What’s in the Shops: Bachmann OO9 gauge Baldwin locomotive

The Baldwin Class 10-12-D is the first OO9 gauge locomotive model to be released by Bachmann as part of its new narrow gauge range. Nigel Burkin looks at Peggy, an open-cab version of the model representing one of the Ashover Light Railway locomotives.

A large number of 600mm gauge 4-6-0PT pannier tank locomotives for operation on the trench warfare railways of the First World War were delivered to the British War Department (WD) from the Baldwin Locomotive Works in the US. The order was placed with Baldwin because engineering facilities in the UK were already committed to other work at the time. They were capable of operation over uneven and temporary track formations possible with narrow gauge railways and to be able to negotiate tight curves. Ease of handling and maintenance was also a factor in their design.

A side view of the model showing its neatly applied livery and lining. Note the space between the chassis frames and boiler.

Classified as 10-12-D, the WD acquired 495 Baldwin locomotives between 1916 and mid 1917, of which many found use in other countries after hostilities ceased in 1918, including India. A considerable number were returned to the UK and sold as surplus to various light railways including the Ashover Light Railway (ALR), which took delivery of refurbished and unrefurbished Baldwin locomotives under the direction of light railway advocate Col Stephens following successful acquisitions for other of his light railways. One of the ALR locomotives, the attractively finished Peggy, is represented by the Bachmann model featured in this review.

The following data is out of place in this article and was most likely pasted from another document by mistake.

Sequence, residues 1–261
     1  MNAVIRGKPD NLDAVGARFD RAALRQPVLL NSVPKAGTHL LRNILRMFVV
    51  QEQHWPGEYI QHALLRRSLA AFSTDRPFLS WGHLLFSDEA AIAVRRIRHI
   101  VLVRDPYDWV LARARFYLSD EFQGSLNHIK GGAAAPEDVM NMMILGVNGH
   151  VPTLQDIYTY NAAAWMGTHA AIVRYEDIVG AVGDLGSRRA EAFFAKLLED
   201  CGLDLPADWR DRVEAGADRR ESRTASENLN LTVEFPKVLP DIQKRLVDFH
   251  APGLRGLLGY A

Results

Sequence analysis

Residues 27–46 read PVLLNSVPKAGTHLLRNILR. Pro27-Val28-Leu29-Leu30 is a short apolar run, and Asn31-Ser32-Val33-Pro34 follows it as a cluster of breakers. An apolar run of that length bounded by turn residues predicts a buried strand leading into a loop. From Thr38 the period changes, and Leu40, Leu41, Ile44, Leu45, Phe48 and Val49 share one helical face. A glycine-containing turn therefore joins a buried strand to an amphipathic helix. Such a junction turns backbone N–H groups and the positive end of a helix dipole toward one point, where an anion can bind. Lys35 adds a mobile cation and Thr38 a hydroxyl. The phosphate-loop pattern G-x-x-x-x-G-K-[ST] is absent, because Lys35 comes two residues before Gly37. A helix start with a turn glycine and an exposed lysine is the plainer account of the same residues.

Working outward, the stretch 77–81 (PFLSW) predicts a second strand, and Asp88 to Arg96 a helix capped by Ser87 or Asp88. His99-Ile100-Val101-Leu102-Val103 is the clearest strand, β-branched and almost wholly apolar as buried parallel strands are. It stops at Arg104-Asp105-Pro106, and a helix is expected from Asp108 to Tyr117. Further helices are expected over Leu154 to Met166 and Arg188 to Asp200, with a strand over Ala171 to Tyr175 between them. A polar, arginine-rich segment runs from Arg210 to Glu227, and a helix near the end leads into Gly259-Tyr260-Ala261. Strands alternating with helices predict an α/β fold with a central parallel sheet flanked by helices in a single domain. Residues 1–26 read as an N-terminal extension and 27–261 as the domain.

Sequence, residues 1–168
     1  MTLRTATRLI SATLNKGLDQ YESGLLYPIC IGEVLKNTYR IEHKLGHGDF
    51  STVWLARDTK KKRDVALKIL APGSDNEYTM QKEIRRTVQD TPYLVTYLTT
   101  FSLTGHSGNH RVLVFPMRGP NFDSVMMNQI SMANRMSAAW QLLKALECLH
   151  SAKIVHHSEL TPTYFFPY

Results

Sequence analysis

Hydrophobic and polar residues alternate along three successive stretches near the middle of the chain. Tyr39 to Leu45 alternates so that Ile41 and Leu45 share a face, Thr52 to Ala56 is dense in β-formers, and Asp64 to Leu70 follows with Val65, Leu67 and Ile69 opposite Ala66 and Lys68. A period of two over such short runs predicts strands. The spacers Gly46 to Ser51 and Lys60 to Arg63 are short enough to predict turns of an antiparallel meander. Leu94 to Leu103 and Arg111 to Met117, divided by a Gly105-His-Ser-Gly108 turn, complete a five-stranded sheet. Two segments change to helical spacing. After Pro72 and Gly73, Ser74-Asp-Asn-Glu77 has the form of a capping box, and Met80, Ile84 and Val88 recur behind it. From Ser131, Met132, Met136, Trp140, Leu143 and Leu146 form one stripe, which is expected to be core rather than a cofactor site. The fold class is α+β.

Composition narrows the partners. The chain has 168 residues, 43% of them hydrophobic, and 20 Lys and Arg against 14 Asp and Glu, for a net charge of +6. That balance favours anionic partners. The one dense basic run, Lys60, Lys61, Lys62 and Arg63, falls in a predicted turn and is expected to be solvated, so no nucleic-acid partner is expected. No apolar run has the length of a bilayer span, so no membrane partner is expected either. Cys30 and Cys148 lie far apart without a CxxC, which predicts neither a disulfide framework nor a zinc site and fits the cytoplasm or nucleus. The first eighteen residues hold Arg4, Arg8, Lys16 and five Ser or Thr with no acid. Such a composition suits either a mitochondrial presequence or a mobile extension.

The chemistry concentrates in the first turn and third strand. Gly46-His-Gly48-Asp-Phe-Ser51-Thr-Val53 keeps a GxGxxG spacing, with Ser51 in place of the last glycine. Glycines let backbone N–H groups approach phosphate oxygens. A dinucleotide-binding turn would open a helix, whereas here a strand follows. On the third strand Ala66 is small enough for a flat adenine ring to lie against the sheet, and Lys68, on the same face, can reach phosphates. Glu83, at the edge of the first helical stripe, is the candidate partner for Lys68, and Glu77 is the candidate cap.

The ALR is a fine example of a light narrow gauge railway, which could be modelled using the new OO9 equipment from Bachmann, including the Baldwin locomotives. Opened in 1924 and owned by the Clay Cross Company, its primary function was to haul minerals and limestone over its 7¼-mile line from quarries in the Derbyshire Peak District to works in the Clay Cross area where it also interchanged with the LMS. A passenger service was introduced in 1925 from Clay Cross to the terminus at Ashover Butts with several stations in the Clay Cross area. The railway owned a number of coaches, most of which were built using the running gear from the Class D bogie wagons purchased from the WD. Bachmann announced a model of the ALR coach based on this type for its 2018 range.

For the full article, see the April edition of Modelling – available now!

For a complete list of stockists and how to get your copy, visit: www.railwaymagazinemodelling.co.uk/distributors

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